"He was very candid about love and sex in his lyrics and he went against the censorship of his day. He made it easier for other writers to follow suit." Music historian Citron agrees. "The other great composers didn't have the depth of imagination in terms of music," he says. "Porter's musical execution was so avant garde that it's still fresh. It will never get clichéd; no matter how badly it's played, it will never become trite. He wrote lyrics about love and romance, but he also wrote about homosexuality, cocaine, brutality, gigolos—subjects that were défendu at the time, but things that we talk about all the time today. That's why audiences today still find excitement and newness in Porter's work."
Porter's succession of near-hits and blockbusters included Fifty Million Frenchmen (1929), The New Yorkers (1930), Gay Divorcee (1932), Anything Goes (1934), Jubilee (1935) and Red, Hot and Blue! (1936). In New York City, Linda held a dinner party each opening night at her apartment, which adjoined his, on the 41st floor of the WaldorfTowers on Park Avenue. The couple's arrival at the theater was timed so the buzzing crowd could behold them as they strode down the aisle moments before the lights dimmed. For each debut, Linda presented her husband with a one-of-a-kind cigarette case inscribed with the production's name and date. Her devotion to Cole's career was perhaps nowhere more evident than in the vast scrapbooks she kept, preserving ticket stubs, reviews, photographs, theater programs and other show business paraphernalia. (They now repose at Yale.)
In December 1935, Cole and Linda ventured to Hollywood, where he wrote the music for such films as Anything Goes (1936) with Bing Crosby and Ethel Merman and Born to Dance with Eleanor Powell and James Stewart. There, Porter became more indiscreet about his affairs. He also had his own coterie, from which Linda felt excluded. "She felt that he was jeopardizing his incredibly wonderful, talented career," says Peter Felcher, a trustee with the Cole Porter Trust.
If low bars you like, If old hymns you like, If bare limbs you like, If Mae West you like, Or me undressed you like, Why, nobody will oppose. When ev'ry night, the set that's smart is in- Truding in nudist parties in Studios, Anything goes.
In 1937, having failed to convince Cole to leave Hollywood, Linda fled to their Paris house and, for the first time, contemplated divorce. Cole pursued her, but friends characterized their reunion as icy. That fall, a despondent Porter sailed to New York alone.
Visiting a friend's farm on Long Island shortly after his return, he went riding at a nearby riding club. His horse fell and rolled over him, crushing both of his legs. Porter later told friends that as he writhed in the dirt waiting for help, he composed lyrics in his head.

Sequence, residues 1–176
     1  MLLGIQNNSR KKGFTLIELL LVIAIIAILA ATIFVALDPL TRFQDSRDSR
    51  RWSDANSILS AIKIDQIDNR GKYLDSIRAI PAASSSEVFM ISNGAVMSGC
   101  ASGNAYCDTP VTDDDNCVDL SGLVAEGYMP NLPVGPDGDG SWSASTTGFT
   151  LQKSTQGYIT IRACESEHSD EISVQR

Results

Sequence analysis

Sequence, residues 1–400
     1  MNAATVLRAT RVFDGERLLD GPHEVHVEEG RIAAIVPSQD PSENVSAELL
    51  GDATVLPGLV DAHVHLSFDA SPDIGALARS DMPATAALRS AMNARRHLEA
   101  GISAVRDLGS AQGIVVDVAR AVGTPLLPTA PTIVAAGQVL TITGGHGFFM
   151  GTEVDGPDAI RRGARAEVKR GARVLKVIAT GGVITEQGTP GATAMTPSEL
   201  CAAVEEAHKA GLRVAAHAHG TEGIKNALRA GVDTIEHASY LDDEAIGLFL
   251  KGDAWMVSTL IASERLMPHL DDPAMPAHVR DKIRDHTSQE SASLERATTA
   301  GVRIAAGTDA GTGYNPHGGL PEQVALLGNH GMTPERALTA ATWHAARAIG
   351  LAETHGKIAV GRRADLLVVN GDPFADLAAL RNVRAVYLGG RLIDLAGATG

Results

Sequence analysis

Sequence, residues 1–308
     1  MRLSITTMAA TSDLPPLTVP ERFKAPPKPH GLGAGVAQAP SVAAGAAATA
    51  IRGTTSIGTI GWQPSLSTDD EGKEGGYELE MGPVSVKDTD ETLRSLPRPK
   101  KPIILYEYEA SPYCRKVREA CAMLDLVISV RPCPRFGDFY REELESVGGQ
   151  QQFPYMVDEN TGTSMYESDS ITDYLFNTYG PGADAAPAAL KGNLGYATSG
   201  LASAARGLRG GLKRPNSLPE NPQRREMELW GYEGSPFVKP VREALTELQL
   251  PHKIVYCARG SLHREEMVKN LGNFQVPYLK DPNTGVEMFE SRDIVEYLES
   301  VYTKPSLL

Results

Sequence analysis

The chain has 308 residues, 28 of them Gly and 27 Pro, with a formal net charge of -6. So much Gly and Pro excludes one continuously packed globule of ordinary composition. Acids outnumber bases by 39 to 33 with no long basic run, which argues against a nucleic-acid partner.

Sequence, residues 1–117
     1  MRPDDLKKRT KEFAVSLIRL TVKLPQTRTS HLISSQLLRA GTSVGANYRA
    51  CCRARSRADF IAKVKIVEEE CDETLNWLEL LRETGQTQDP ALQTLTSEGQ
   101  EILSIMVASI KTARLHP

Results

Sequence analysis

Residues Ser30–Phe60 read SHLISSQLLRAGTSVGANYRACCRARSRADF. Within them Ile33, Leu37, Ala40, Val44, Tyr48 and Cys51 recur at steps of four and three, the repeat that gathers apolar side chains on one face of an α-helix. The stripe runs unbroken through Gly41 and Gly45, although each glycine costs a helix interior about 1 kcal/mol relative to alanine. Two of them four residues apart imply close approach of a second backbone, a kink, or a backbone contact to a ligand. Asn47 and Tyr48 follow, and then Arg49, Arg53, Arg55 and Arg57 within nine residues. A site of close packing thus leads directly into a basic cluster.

Linda arranged passage to the States and rushed to his side. When one doctor told her that Porter's right leg, and possibly his left, should be amputated, she took over the case, bringing in another physician, who also recommended amputation. Linda said no. Ironically, she had faced a similar dilemma years before. Her first husband had been in a car accident that had mangled his leg, and doctors urged that it be amputated. She and her husband refused, hoping for the best, and his leg eventually healed.
Cole and Linda were now as close as ever. "Their marriage had been on the skids," says Margaret Cole Richards, "but after he had his accident, Linda came to his side and never left. And later, when she got sick, he stood by her."
Despite frequent surgery on his legs and almost constant pain, Porter went on to write some of his most enduring Broadway musicals: Leave It to Me (1938), in which the showstopping "My Heart Belongs to Daddy" made an overnight star of singer Mary Martin; Can-Can (1953), which would be remade as a popular film starring Shirley MacLaine, Frank Sinatra and Louis Jourdan; and Kiss Me, Kate (1948), a spoof on Shakespeare's Taming of the Shrew. Broadly acclaimed as Porter's most popular work, Kate featured such toe-tapping tunes as "I Hate Men," "Another Op'nin', Another Show," "Tom, Dick or Harry," "Too Darn Hot" and "Always True to You in My Fashion," with its complex brand of faithfulness that one is tempted to say expresses Cole's devotion to Linda:
There's a wealthy Hindu priest Who's a wolf, to say the least, When the priest goes too far east, I also stray. But I'm always true to you, darlin', in my fashion, Yes, I'm always true to you, darlin', in my way.